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Twin Dispositions: Resiliency and Tenacity

28 Jan

Does resiliency and tenacity run in families? How does one cultivate this? What does a parent do when it is not apparent?

During a warm evening last month, I decided to take my 11-year old daughter roller skating on a whim. The evening quickly became frustrating for both of us as she was not able to get up after falling. She simply refused to skate saying that she felt stupid and that she was not a good skater. As I skated around the rink under the disco lights singing…and falling, I couldn’t help but wonder why she couldn’t do the same thing. What was happening in her mind that would not allow her to get up? to try? to admit that she had to practice and then go practice?  Why wasn’t she acting as a resilient and tenacious child?

What makes some children push through challenging situations and others become paralyzed by it? How did this happen to my child? 

As I was skating around the rink, trying to show my daughter how much fun I was having and coaxing her to skate with me, holding onto the wall, with another child, anything to get her out on the floor, I thought of the notion of resiliency, fear, and learning.

I was reminded when my daughter was 7 and she began to complain that she didn’t enjoy reading and “wasn’t good at it”. This confession hurt me to the core as a parent and teacher. I shook my head in disbelief thinking: ‘You mean you don’t want to read’. Of course you know how to read. I’ve been reading to and with you since before you were born. Did she mean that she did not want to try more complicated texts? I was flabbergasted and scared that my child was not resilient in the face of what proved difficult or tenacious enough to conquer the difficulty, or not enough of a learner to do either.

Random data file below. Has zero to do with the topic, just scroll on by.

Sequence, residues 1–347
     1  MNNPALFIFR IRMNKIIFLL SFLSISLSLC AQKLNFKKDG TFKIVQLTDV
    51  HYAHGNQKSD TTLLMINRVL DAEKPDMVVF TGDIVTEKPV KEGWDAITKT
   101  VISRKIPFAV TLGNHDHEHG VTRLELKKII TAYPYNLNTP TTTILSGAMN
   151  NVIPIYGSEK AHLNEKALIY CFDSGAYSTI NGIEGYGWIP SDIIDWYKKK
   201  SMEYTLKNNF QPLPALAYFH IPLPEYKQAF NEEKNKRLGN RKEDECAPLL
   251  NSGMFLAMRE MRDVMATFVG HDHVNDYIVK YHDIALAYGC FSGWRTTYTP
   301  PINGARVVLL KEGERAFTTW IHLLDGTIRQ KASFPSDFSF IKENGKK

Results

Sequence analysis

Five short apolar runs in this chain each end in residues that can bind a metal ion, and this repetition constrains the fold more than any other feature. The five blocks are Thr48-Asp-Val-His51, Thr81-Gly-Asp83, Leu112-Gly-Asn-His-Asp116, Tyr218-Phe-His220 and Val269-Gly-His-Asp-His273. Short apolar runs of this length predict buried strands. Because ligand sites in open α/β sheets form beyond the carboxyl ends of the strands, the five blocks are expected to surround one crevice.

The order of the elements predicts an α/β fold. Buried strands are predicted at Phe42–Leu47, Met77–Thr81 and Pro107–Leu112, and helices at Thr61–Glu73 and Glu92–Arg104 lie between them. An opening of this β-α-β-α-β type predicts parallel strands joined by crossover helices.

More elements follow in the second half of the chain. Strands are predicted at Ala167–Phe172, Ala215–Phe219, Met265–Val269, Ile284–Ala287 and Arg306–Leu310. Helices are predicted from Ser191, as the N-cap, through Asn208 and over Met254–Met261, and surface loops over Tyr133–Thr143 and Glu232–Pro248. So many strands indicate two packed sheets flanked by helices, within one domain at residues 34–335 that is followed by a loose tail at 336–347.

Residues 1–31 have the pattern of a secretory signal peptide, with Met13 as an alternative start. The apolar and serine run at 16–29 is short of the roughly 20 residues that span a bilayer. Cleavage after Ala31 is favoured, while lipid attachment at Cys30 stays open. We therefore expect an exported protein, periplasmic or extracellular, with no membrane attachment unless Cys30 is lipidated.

I decided to start a book club with 3 friends and their daughters, in order to provide a social purpose for reading since my daughter was not reading for her own enjoyment. I used her strengths as a social child to fit reading in. This idea paid off and four years later we are still reading amazing books and having amazingly complex conversations as a group. At 11, she has just begun to read books independently and take pride in reading faster and more books than me.

Still, my daughter defaults more often than not to pleas of, “I can’t” and “it’s too hard” and “ I just don’t want to, Mom”. This disposition was extremely distressing to me as a teacher who prides herself with instilling in students a sense of being a learner (of loving the learning process).  It was if my own child was afraid to embrace a learner-stance. How could this happen?  It was as if it learning and fear of failure was a weakness not to be exposed rather than an opportunity to learn. Sadly, as a parent, I saw her peers advance in school and on the soccer field even though my daughter had comparable skills and experiences (at least in the beginning). As she continued to shelter her skills and not ‘take on’ anything challenging, she slipped further behind and then couldn’t adequately compete.